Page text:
Biofilms are matrix-enclosed microbial aggregations that adhere to biological or non-biological surfaces. They represent a significant and incompletely understood mode of growth for bacteria and fungi. Biofilm infections cause many deaths and high health costs worldwide. Biofilm infections on indwelling devices or implants are difficult to eradicate because of their much better protection against macrophages and antibiotics, compared to free living cells, leading to severe clinical complications often with lethal outcome. One promising approach to combat biofilm infections independent from the conventional control by antibiotics is the generation of functional surfaces preventing the attachment of bacteria. Another aim is the communication machinery used by bacteria to establish a biofilm, the so called quorum-sensing. Here, small diffusible compounds are produced and sensed by the producing cells to measure their concentration and hence cell density. Natural compounds and synthetic analogues have been used successfully to prevent biofilm formation by quorum- quenching. These compounds are still in the preclinical phase, often struggling with toxicity. A principal problem of quorum-quenchers is their high species specificity, resulting in the control of only some pathogenic strains leaving other pathogens untouched. A field still in its infancy is the control of virulence factors expression not preventing the biofilm but suppressing its virulence. This review will give an overview over the pros and cons of the individual targets and an outlook of future developments.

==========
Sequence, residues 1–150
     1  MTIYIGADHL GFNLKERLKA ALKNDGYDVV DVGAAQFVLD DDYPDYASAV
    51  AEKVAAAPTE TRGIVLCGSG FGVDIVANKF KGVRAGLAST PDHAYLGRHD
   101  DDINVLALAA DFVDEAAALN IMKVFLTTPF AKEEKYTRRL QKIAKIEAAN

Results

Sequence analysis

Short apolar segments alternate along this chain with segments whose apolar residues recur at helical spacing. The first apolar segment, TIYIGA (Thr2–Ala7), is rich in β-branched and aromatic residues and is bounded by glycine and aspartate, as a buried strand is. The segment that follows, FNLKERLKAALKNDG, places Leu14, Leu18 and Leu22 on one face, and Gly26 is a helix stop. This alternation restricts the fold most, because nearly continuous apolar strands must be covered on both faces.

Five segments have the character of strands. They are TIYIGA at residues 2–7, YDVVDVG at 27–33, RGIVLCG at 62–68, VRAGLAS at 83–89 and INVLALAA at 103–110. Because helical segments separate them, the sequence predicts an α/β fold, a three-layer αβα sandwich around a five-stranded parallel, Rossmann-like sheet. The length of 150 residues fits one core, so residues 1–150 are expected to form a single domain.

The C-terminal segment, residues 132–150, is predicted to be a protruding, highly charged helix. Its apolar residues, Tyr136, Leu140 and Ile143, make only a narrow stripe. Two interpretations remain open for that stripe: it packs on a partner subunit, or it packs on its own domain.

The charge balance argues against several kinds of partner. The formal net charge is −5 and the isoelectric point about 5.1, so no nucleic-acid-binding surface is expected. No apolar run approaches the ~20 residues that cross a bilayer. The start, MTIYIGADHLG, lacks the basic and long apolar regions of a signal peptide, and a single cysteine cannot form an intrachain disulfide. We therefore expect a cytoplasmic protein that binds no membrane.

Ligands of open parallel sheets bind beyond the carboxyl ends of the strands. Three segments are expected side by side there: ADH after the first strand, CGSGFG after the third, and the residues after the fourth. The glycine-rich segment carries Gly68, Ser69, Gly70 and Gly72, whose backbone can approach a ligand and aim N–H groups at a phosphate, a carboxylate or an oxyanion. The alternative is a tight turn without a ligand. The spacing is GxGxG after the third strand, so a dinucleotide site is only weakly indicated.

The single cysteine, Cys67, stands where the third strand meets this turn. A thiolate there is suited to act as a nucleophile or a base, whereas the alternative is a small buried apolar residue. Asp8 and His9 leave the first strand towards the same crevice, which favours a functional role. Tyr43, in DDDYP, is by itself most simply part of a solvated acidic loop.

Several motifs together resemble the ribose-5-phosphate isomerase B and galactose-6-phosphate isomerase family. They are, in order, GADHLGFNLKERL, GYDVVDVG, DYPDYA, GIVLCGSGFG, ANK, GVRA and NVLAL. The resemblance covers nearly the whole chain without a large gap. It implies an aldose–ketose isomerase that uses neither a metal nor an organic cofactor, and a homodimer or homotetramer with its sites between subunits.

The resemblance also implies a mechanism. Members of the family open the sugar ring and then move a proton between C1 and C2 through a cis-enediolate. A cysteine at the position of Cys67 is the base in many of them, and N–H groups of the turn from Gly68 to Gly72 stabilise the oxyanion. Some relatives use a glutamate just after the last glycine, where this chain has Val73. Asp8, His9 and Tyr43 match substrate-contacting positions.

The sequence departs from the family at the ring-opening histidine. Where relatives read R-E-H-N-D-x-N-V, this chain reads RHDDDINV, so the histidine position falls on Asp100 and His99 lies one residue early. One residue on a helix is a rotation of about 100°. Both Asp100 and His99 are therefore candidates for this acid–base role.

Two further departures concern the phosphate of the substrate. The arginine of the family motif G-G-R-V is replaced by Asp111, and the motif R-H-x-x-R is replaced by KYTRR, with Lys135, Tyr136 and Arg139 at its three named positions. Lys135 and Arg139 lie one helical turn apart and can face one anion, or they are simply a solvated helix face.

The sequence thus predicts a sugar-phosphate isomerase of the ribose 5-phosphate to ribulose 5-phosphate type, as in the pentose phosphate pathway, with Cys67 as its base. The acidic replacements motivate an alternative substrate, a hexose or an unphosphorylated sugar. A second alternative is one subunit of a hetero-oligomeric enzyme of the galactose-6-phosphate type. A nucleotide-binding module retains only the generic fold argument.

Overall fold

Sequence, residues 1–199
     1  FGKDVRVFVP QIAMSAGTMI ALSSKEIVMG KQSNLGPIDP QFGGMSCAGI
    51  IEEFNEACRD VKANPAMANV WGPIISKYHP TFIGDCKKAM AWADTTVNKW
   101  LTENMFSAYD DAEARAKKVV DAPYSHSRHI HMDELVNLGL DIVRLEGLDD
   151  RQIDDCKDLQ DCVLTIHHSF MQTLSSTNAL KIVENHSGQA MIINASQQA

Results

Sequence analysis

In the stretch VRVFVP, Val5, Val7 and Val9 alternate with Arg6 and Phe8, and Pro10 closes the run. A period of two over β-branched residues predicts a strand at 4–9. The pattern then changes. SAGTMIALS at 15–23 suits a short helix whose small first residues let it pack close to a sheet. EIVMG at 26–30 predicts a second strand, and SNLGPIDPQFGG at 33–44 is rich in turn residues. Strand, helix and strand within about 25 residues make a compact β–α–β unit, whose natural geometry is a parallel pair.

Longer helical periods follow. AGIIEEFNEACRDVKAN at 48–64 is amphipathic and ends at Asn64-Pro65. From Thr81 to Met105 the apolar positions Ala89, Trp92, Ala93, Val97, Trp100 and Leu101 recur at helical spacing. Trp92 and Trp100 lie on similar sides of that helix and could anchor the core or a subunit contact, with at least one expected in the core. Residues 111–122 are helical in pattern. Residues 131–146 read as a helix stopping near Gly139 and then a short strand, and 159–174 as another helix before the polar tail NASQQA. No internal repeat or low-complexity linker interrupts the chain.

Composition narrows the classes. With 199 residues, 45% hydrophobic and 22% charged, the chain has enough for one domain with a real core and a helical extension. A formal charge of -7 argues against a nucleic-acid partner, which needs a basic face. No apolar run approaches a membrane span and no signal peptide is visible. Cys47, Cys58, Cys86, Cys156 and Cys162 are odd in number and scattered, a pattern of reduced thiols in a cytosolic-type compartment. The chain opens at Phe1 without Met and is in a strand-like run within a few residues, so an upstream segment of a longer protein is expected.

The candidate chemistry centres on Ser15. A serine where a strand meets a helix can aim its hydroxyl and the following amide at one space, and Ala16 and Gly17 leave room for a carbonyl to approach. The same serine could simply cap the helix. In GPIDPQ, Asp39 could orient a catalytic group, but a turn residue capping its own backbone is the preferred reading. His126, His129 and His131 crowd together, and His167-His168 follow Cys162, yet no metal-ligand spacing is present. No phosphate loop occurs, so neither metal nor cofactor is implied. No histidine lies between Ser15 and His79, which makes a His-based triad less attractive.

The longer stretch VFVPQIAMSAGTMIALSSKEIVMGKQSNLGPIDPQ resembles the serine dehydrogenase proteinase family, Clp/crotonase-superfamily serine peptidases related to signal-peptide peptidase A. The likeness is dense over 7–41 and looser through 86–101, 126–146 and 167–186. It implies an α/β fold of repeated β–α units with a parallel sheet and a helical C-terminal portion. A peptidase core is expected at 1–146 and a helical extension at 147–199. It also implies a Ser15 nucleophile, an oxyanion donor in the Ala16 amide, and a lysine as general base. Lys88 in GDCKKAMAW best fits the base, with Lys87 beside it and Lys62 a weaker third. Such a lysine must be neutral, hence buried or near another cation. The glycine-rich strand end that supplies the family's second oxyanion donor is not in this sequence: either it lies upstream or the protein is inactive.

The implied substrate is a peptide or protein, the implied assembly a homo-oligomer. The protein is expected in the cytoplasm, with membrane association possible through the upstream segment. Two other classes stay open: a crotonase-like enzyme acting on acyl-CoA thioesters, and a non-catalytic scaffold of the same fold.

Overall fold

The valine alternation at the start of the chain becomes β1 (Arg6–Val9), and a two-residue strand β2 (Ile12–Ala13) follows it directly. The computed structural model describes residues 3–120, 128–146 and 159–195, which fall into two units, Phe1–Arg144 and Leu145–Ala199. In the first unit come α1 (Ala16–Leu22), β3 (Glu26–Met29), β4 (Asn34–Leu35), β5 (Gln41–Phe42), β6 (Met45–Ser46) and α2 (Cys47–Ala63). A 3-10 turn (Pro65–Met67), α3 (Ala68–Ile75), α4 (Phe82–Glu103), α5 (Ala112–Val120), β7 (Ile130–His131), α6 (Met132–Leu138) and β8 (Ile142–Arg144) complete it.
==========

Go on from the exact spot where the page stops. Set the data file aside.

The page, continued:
Keywords: Biofilm, quorum-sensing, quorum-quenching, microbial community, antivirulence therapy
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